Baby Wan Mai (Whose name means New Day or new beginning) was born on May…
Bai Cha’s life is the same as all old elephants, a path with many twists and turns. She is originally from Mae Jeam, and her registered name from the original owner is Kham Noi. Her first owner is the Karen family and her early life labor was pulling logs for many decades, until the logging ban. Then the owner moved her to work for tourist riding, as with so many other elephants. In the Karen tribe, she was owned by many families and each family switched to use her each year. Record research about Kham Noi shows that she has had a baby but not yet certain how many, although one owner said that she has had 4 babies. Kham Noi later changed hands and was sold from her home in the North to Surin province (lower northeastern Thailand) and later she was taken to the South of Thailand to work at logging again. After some years, she returned to being a trekker around Southern Thailand for many years. Her latest owner moved her to work in a tourist camp in Pattaya. BaiCha was tired. She is old. She walks very slow because her ankles are sore, making it difficult to walk. When our founder- Lek Chailert met Bai Cha and her two friends (all of them have one eye blind), Lek tried to convince the owner to allow us to provide them retirement. Luckily, the old lady Bai Cha could come back to her homeland and spend her days remaining in freedom and dignity.
Bai Cha’s rescue journey started on 14th September 2016, she arrived her forever home at Elephant Nature Park on 18 September 2016. Her two friends, Boon Mee and Bua Baan were rescued to ENP on October 2016. This old lady arrived in critical condition with much life trauma . Daily we tried to help her, to improve her health and to do as much as we can to assist her to join the herd. She preferred her own company. She was scared of others who would walk close by. We tried to introduce her to both groups and loners among our herd but she would rather stay peaceful by herself. We made a space for her, peaceful and apart. Her mahout took her for exercise every day. Every day, in the early afternoon, when few elephants were around, she preferred relaxing in the river alone. Since the mid December 2020, Bai Cha has shown deteriorating health. Sometimes, when she walked in the field, she would collapse and lay down for awhile until she was ready to stand up again by herself. Recently, she couldn’t walk to the river because her body was so weak. Our vet monitored her and provided appropriate treatment. In February 2021, she seemed back to herself again, eating well with improved strength each day. She walked to the river again but still not confident to lay down to sleep.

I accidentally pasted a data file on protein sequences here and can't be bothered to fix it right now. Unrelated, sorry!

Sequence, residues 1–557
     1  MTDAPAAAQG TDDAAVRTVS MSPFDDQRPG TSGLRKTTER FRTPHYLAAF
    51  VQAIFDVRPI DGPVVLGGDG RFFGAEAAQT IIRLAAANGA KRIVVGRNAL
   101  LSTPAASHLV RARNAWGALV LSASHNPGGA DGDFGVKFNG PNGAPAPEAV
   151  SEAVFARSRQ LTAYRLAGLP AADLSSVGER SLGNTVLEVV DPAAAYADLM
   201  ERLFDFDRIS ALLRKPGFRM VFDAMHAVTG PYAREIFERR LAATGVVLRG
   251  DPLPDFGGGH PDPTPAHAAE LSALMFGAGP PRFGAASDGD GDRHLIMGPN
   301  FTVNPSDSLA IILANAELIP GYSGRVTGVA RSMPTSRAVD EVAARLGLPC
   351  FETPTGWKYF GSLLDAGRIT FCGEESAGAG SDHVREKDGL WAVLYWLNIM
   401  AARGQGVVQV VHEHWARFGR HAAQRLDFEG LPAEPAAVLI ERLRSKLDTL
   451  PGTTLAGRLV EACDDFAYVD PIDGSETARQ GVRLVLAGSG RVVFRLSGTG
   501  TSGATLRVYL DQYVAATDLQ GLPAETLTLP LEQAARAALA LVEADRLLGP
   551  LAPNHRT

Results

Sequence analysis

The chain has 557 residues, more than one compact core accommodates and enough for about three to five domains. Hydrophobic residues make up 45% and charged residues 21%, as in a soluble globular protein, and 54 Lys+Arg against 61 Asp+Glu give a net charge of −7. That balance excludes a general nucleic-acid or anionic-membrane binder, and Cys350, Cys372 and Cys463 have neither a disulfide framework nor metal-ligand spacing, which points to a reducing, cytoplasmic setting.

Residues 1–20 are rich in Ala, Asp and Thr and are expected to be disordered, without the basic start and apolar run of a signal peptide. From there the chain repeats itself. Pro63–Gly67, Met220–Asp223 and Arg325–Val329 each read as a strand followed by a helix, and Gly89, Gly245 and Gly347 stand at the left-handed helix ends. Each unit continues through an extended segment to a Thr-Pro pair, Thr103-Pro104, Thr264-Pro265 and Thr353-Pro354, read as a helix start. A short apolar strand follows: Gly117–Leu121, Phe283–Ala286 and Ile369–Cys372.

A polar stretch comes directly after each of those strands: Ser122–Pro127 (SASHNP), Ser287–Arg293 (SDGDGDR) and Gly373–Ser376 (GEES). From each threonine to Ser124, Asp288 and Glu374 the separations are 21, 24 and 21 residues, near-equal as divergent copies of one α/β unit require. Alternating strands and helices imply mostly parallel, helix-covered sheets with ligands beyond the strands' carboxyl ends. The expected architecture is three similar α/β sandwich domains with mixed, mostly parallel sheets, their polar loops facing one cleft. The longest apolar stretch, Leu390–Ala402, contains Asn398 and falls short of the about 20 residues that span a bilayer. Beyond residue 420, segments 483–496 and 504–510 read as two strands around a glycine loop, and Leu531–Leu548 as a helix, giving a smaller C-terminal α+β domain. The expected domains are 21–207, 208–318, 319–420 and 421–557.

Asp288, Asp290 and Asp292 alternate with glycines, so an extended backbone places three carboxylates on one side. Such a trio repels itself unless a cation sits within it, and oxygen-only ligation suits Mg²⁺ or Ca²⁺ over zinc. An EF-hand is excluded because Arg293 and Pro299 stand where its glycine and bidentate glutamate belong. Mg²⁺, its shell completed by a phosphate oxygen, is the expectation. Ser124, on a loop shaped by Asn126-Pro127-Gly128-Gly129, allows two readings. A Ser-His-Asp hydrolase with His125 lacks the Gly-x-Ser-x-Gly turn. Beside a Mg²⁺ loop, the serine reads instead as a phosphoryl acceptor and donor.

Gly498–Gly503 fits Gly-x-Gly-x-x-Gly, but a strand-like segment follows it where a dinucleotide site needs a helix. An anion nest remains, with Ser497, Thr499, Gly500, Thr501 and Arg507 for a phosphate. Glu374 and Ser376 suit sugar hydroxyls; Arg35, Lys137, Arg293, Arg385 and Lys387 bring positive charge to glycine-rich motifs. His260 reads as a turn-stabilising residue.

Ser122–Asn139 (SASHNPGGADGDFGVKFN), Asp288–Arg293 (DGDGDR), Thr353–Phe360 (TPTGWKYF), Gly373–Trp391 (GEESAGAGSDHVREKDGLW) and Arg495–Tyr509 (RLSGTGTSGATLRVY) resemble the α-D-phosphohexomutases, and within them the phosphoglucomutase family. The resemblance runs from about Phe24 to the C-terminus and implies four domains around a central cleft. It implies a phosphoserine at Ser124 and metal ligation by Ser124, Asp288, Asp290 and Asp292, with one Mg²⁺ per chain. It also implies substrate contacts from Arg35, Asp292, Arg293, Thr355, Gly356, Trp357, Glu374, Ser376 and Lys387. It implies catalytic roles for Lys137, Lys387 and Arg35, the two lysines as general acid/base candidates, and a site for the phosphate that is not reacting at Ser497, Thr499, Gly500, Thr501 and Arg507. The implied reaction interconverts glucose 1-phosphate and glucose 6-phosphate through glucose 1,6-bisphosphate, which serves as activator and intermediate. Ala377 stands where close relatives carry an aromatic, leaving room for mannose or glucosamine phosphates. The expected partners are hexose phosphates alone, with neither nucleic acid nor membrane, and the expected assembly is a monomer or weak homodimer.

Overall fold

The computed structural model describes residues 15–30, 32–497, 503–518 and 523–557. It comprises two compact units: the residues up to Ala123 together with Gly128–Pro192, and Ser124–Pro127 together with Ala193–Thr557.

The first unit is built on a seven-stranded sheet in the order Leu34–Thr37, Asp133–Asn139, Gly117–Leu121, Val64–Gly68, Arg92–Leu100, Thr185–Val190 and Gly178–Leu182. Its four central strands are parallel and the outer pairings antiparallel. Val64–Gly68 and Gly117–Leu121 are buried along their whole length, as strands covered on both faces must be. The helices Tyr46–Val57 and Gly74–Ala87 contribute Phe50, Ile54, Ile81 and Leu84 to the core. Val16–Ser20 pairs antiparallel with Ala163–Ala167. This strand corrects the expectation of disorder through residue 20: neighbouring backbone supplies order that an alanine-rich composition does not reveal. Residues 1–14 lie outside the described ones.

For the last two nights, she lay down again to rest. On the morning of 15 May 2021 we found that she did not try to stand up. She did not even try to lift her head. We let her rest, she slept well, given a peaceful time by herself until before midday. And then she slipped away, old age embracing her and kindness all around. Her last breath was surrounded by love and care.
Almost Six years this beautiful lady graced our land. To see her change from the former life after she arrived with us is heartwarming, Bai Cha is one of many elephants who teaches us the way of trauma and a lifetime of abuse. This is what we have done, and captivity is yet an unreconciled evil. For five and a half years, BaiCha enjoyed the freedom at our park. She deserved a lifetime of good care and respect. Her freedom now is completed and her journey of the new life started, her beautiful soul is now across the rainbow bridge. RIP granny Bai Cha. We love you and you will always be missed.